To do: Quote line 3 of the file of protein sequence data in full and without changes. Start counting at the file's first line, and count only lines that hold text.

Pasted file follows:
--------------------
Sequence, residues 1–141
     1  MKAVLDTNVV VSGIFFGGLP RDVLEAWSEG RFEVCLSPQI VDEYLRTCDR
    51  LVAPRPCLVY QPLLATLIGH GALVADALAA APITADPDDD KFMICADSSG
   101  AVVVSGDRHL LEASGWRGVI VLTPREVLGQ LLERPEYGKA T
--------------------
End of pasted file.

    51  LVAPRPCLVY QPLLATLIGH GALVADALAA APITADPDDD KFMICADSSG